Watch for an article on these vegetables in the summer issue of Canada’s Local Gardener magazine!
1. All the same species.
Broccoli, Brussels sprouts, cabbage, cauliflower, collard greens, kale, kohlrabi and gai lan are all variations of the same genus and species, Brassica oleracea. The original plant, B. oleracea var. oleracea or wild cabbage, is an unattractive biennial that grows in alkaline-leaning soil in southern and western Europe. A few thousand years ago folks noticed that it had thicker leaves and figured this made it good for cultivating.
2. Kale and collards.
Kale and collards were the first of the brassicas to be cultivated, beginning by 2000 BCE. They are the closest in form to wild cabbage. What is the difference between them? Kale is curly, more tender, more bitter and comes in a wider variety of colours than collards.
By the first century CE, kohlrabi was developed in Germany. This came through a preference for fatter stems; the bulb on kohlrabi is actually part of the stem. If you’ve ever looked at it in the supermarket and wondered people do with it (I have), you can treat the greens much like kale and collards, while the bulb can be sliced, diced or julienned and eaten raw, roasted or boiled, but peel it first. It tastes like a broccoli stem, but sweeter.
For such an old and common vegetable, they are kind of hard to grow. They like water, but not too much. They like long, sunny days, but not heat. They have their own special pests, like the cabbage worm, the cabbage looper and the cabbage root maggot while also being adored by thrips, aphids and cutworms. They feed heavily on nitrogen, phosphorous and potassium. But if you love ‘em, you grow ‘em.
Cauliflower comes in traditional white but also in green, orange and purple. The orange is from a natural mutation, which was found in Canada. The colour is from beta carotene. The purple cauliflower has anthocyanins.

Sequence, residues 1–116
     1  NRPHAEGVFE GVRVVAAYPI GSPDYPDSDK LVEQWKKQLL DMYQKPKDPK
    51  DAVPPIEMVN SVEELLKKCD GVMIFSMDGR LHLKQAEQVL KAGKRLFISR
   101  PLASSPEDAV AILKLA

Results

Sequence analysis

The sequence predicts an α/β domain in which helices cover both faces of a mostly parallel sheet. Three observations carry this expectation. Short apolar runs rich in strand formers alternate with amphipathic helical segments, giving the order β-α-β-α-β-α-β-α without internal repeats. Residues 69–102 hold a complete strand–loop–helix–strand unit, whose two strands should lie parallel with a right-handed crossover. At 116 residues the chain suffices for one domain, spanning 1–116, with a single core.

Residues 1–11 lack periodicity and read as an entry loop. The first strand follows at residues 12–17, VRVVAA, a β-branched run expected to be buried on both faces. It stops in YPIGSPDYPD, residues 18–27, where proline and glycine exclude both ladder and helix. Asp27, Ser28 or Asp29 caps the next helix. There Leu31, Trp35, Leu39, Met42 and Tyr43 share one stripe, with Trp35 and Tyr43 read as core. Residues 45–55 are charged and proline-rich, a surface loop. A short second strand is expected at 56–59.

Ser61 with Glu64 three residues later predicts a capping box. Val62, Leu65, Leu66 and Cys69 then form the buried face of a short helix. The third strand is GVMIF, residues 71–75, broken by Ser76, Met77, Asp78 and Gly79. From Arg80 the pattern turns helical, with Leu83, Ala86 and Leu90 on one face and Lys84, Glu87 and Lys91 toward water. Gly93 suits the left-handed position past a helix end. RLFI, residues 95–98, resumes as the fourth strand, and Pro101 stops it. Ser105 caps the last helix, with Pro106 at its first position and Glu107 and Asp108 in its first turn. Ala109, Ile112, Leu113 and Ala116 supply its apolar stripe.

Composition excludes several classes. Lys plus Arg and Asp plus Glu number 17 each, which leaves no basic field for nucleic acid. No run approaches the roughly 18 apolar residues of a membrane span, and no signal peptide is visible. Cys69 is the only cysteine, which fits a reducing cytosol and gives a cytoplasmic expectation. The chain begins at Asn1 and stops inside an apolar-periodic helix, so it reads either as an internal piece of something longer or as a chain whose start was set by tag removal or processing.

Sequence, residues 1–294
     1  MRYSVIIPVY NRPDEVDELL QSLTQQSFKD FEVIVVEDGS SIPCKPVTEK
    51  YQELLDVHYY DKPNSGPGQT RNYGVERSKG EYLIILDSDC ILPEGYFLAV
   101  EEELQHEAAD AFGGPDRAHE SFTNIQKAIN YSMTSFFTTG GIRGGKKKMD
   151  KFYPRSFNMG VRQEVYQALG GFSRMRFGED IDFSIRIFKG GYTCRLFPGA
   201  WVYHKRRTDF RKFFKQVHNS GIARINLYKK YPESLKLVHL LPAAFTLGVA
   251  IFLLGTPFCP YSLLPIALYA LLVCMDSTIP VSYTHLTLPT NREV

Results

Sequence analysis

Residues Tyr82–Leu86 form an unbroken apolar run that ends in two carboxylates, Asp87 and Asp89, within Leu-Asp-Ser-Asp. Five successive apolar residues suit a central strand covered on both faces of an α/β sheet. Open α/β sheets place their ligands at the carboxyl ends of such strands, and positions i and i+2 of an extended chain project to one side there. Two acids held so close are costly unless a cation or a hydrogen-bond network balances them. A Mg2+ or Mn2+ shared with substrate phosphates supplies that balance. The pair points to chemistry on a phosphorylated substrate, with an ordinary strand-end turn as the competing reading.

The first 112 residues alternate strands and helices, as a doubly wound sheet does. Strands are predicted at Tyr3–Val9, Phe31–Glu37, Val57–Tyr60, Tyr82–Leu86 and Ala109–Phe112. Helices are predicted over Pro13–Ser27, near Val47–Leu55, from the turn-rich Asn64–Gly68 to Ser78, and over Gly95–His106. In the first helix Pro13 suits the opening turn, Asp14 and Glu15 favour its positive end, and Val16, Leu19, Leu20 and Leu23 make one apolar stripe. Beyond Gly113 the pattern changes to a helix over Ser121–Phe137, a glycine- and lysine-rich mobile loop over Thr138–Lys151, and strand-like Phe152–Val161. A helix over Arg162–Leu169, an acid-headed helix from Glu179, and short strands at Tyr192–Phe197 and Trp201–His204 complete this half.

The fancy-looking green Romanesco is another type of cauliflower, with the curd growing in pointy spirals. Think it’s new? It isn’t. Romanesco has been grown in Italy since the 1600s.
It seems Renaissance Europeans had a penchant for eating immature buds of flowers. That is how broccoli was developed in Italy in the 16th century. The word broccoli means “the flowering crest of a cabbage”.
8. Brussels sprouts.
If you’ve never seen them growing it can be surprising: Brussels sprouts grow along a stalk, at the leaf nodes, not as individual cabbages. There are purple varieties of Brussels sprouts; in this case, they’ve been cross bred with purple cabbage. Traditionally a bitter vegetable, scientists discovered the chemicals responsible and, since then, have been breeding varieties that are sweeter.
9. Gai lan.
Also known as Chinese broccoli, this vegetable looks like a leafy, sparser version of broccoli. The two have been cross bred to create broccolini, which is like rapini without the bitterness. (Rapini, by the way, isn’t part of this species; it is Brassica rapa.)
10. Jersey cabbage.
This is a variety of brassica that is grown for fodder and for walking sticks in the Channel Islands, between England and France. Grown for walking sticks, you say? Yes, indeed. The cabbage grows on a stalk that is 6 to 10 feet high. When these stalks are dried, you can varnish them and use them as walking sticks. The leaves are well liked by sheep and cattle, though now they’re mostly grown for feeding rabbits.
-Shauna Dobbie Copyright©
Pegasus Publications Inc.